After looking at hundreds of viral videos, microsites, emails, and services, I started to notice several patterns.
Here’s a list of the most common benefits/incentives that make people want to share a viral idea:
- Benefit in Numbers – To personally benefit from the product you need to sign other up people. The more people, the bigger the benefit (e.g. Skype).
- Competition – This usually involves challenging someone to a game (e.g. can you top my score).
- Entertain Others – Make other people laugh…the louder, the better.
- Influencer– Allows you to become the leader of the pack. Spreading the message will help build your reputation as an influencer or leader (the more you influence, the more powerful you become).
- Social Needs – Desire to be part of the herd or share an experience.
- Fear – Motivation based on fear of death, illness, isolation, shame, etc.
- Knowledge Gap – A situation is created where the visitor has to invite people to fill in gaps in her/his knowledge. Family history is a good example of this.
- Financial Gain – Commission, free samples, bribes…you get the picture.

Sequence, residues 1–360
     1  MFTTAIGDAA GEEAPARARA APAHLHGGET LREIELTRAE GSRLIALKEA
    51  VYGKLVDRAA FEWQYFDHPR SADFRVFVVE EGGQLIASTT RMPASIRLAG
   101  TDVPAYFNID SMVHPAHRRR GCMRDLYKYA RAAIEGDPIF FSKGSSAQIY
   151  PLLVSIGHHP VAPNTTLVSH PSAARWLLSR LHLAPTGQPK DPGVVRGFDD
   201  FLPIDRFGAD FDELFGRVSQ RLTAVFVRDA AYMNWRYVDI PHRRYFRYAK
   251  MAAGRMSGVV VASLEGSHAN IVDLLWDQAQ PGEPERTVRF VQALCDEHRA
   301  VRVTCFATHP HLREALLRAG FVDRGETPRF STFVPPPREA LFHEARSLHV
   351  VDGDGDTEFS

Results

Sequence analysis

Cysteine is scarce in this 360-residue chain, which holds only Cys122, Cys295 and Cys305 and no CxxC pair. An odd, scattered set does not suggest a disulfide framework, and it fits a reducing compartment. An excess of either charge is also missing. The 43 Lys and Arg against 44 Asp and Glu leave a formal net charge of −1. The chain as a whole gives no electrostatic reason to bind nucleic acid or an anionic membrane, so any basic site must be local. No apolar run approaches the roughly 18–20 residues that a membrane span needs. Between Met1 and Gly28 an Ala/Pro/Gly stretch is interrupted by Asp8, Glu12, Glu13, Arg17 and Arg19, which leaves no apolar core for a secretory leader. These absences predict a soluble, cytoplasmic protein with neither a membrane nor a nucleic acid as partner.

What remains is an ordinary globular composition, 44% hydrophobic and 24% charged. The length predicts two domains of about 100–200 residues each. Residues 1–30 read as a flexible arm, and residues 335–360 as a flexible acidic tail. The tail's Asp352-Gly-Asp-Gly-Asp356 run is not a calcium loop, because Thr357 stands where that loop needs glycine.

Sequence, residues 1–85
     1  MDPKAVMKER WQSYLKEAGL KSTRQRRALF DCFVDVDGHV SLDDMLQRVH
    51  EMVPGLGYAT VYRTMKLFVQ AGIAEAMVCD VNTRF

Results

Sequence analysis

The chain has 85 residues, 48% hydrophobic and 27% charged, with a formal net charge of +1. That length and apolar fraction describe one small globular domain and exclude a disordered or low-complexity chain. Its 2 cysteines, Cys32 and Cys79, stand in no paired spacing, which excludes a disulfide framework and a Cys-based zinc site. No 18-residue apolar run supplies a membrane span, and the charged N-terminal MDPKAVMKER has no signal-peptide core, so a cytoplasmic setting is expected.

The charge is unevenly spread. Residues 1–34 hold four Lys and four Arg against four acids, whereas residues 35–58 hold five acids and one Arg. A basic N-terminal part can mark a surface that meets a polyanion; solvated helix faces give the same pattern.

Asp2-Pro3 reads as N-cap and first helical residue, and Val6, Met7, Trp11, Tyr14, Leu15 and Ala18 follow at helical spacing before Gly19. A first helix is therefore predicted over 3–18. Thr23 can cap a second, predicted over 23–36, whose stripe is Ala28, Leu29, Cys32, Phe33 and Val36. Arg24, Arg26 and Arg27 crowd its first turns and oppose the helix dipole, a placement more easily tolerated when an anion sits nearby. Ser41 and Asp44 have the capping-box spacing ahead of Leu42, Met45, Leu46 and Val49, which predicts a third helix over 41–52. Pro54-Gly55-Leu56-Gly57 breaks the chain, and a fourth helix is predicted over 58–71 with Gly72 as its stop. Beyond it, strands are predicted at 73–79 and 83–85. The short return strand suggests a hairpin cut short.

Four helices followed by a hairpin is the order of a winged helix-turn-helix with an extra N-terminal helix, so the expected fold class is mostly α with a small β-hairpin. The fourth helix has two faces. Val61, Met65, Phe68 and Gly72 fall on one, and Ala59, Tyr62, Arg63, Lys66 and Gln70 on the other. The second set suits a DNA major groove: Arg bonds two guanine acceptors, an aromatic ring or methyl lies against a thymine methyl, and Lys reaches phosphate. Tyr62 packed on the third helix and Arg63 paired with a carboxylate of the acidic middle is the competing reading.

- Entertain Yourself– Ability to surprise, trick, scare or embarrass someone.
- Altruism – Help friends just because it’s the right thing to do. It gives you that warm fuzzy feeling.
- Cause-Driven– These campaigns are centred around a cause or charity. Sharing them with other people makes us feel like we’re helping someone and that other people identify with our plight.
Have some other compelling reasons why people pass these things on? Share them! I’ve posted this list on a marketing wiki called Whamwiki.com. If you’d like to expand the list simply visit the wiki and post your additions.
And hey, while you’re at it – why not use reason 4 or 10 to share this article with your friends and colleagues (wink wink, nudge nudge)?